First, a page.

Archive for October, 2013

Mexico: Cyber espionage and the hypocrisy of the presidents

Monday, October 28th, 2013

[Translation of an article from Proceso of Mexico City for October 22, 2013. See original here.]

By Jenaro Villamil

Mexico City – United States interference in the country’s fundamental decisions was never a problem of state for Felipe Calderón. The PAN [Partido Acción Nacional] president opened to the North Americans the doorways, the archives, the intelligence files on energy matters, on national security and on big business in Mexico.

The problem for him was that others learned of Washington’s lack of esteem for his bold and failed “war on drugs.” Or that, in fact, they saw him as a weak and sham president and, therefore, more vulnerable to pressure from the empire.

Calderón became angry with ambassador Carlos Pascual when Wikileaks disclosed State Department cables in which the diplomat, perhaps the most astute in recent years, sent a hard-hitting file describing Calderón’s war as a failure, all the while smiling at the president in Los Pinos. (more…)

The case of Haiti brings to light weaknesses in Brazilian foreign policy

Saturday, October 26th, 2013

Despite the Defense Ministry’s favoring more involvement in peace missions, Brazil has proven to be unprepared to deal with the consequences

[Translation of an article from Carta Maior of São Paulo for October 17, 2013. See original here and related articles here and here.]

By João Fernando Finazzi

At the time of renewal for one more year of the mandate of the United Nations Mission for the Stabilization of Haiti (MINUSTAH), which would have ended this week, Brazil remains in military command of the multilateral mission after more than nine years as the country with the most troops in Haitian territory. If there were reasonable arguments for its existence initially, its continuation is looked upon currently with ever more doubt.

Haitian activist Colette Lespinasse of the Groupement d’Appui aux Rapatriés et Réfugiés (GARR — Support Group for Repatriates and Refugees) believes the MINUSTAH intervention “makes no sense” once the goals expressed for its creation, like the restoration of order and the disarming of groups that threatened internal stability,were achieved. Lepinasse also points out that “given that direct occupation by a country like the United States was not possible,” the UN’s multilateralism made it possible for “emerging countries, like Brazil,” to take on that function. (more…)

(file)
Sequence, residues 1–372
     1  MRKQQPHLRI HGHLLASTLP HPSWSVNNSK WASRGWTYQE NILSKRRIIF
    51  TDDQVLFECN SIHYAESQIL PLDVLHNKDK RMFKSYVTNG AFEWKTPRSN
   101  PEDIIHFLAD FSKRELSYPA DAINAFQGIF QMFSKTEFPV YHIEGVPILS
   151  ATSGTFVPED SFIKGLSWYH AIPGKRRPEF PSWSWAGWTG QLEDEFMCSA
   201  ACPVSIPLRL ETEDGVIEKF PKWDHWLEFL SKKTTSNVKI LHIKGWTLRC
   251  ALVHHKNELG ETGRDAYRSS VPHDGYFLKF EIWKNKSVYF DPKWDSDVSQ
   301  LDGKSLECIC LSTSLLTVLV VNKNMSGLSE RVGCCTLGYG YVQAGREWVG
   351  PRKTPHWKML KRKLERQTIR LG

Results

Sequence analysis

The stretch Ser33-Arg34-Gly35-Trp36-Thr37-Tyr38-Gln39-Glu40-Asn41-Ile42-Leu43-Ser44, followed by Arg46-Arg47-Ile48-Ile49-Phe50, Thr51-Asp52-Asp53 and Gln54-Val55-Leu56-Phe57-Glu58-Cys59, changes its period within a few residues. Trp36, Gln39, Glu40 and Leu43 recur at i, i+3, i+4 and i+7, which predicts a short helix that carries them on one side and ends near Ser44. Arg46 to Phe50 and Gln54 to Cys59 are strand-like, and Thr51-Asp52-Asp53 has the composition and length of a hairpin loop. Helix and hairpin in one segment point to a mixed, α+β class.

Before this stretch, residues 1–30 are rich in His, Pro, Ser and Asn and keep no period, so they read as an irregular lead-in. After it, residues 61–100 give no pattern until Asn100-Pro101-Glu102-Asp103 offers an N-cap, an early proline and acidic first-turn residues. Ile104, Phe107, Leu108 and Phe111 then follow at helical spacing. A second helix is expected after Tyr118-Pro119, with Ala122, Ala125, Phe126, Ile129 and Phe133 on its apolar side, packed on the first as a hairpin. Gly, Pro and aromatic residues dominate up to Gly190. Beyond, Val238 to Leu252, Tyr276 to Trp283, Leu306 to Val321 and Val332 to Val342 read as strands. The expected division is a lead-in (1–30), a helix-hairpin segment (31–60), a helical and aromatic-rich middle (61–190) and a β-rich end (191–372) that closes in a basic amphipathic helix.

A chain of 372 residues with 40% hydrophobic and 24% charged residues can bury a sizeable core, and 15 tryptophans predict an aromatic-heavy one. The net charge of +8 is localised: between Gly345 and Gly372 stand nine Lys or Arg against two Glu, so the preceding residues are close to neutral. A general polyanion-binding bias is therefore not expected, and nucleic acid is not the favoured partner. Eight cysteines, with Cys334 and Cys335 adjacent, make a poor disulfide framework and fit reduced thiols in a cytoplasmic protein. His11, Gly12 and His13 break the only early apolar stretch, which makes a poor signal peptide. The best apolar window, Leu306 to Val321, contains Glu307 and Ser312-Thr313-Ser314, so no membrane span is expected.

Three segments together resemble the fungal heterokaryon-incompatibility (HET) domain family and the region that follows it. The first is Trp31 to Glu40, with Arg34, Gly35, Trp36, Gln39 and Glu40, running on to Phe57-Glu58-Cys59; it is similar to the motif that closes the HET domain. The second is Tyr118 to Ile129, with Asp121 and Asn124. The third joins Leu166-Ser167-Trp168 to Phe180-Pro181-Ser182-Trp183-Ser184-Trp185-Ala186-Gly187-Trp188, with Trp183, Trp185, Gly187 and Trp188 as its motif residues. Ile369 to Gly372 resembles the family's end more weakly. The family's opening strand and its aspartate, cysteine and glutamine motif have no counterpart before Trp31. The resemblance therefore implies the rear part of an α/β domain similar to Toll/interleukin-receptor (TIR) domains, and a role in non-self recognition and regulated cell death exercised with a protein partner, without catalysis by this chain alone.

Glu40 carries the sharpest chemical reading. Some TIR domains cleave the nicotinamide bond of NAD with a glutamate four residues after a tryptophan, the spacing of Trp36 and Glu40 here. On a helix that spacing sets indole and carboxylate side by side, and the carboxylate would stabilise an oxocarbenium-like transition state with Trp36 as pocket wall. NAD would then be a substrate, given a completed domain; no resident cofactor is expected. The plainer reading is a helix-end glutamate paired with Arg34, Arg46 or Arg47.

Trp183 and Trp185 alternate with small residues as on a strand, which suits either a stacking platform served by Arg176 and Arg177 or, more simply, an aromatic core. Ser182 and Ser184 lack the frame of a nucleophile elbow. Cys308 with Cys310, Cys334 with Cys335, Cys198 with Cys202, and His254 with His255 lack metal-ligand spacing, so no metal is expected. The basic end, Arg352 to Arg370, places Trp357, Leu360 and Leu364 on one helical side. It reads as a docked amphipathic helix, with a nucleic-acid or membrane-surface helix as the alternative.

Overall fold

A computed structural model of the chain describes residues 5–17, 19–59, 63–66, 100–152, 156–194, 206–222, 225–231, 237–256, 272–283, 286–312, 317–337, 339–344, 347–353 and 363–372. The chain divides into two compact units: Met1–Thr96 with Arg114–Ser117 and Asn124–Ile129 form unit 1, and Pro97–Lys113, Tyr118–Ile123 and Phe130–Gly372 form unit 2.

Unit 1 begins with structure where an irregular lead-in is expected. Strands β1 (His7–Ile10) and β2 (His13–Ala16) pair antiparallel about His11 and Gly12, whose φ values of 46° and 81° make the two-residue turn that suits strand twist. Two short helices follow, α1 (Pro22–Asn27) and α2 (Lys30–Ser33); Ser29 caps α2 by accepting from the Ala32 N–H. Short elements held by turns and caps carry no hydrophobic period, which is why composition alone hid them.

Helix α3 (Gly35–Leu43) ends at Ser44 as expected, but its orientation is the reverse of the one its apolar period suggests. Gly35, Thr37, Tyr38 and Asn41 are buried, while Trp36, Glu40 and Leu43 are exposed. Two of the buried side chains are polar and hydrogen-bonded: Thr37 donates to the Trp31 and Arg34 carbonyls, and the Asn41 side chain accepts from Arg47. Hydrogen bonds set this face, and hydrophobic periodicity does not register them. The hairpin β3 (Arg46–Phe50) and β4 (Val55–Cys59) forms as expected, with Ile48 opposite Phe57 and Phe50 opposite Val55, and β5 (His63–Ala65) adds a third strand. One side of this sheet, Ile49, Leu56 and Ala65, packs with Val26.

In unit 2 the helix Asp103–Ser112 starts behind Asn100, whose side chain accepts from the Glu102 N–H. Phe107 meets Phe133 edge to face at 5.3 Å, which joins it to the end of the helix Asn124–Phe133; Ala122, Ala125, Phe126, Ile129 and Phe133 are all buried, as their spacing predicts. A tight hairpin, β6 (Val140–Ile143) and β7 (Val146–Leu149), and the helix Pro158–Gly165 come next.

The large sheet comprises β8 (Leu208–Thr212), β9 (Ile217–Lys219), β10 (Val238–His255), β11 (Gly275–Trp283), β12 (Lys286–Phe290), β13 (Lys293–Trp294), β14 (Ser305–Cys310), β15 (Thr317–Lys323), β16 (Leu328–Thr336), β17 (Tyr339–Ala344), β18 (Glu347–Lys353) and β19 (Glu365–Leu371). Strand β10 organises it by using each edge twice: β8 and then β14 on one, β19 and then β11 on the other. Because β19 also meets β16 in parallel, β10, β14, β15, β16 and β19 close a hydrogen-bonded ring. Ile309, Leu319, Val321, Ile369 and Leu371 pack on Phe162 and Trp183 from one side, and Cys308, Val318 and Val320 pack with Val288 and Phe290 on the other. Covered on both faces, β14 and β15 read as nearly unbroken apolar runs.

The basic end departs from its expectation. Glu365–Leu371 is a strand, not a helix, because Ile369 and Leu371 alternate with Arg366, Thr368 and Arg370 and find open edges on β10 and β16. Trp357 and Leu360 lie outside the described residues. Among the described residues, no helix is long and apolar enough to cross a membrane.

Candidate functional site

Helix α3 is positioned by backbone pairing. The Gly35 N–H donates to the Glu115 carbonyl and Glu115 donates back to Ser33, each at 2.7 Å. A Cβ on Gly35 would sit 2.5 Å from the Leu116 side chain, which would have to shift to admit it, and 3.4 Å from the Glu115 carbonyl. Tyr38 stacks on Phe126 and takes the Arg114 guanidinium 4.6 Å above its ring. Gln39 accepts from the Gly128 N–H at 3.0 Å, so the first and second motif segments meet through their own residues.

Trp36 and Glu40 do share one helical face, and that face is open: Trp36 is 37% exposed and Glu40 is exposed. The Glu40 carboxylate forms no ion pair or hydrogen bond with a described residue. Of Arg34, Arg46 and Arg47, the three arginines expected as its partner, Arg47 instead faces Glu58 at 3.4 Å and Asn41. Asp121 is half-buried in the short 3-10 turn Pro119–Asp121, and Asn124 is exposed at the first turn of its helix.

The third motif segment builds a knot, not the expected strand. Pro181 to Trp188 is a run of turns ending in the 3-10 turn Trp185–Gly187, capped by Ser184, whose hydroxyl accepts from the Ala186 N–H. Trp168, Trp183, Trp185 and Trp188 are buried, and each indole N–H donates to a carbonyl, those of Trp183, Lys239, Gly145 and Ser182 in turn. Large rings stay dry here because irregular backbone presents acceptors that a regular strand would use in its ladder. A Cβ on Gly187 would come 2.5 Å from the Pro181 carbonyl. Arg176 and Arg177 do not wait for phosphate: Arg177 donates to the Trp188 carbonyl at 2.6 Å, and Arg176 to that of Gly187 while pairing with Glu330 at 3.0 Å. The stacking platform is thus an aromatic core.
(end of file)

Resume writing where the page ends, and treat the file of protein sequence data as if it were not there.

Mexico: Storms bring deepening of poverty to La Montaña

Sunday, October 20th, 2013

[Translation of an article from La Jornada of Mexico City for October 17, 2013. See original here.]

By Angélica Enciso L.

In La Montaña, Guerrero, the poorest region of the country, the disasters brought on by the storms in September have caused poverty in many communities to revert to the levels of 50 years ago or earlier.

People sleep outdoors on mats and under tarps held up by poles; they no longer have even their wooden houses and they flee to the agricultural fields of other states. The economy is stagnant and the corn crops have been lost, researchers Sergio Silva and Araceli Damián say.

On the International Day for the Eradication of Poverty (October 17), this is the scenario faced in the region of La Montaña, where Cochoapa el Grande is located, the poorest municipality in Mexico, according to the Consejo Nacional de Evaluación de la Política de Desarrollo Social. Instead of advances, the area has moved backwards, according to the experts. To be found there as well are the five municipalities with the lowest index of human development in Mexico, according to data that the United Nations Development Program will release in a few days.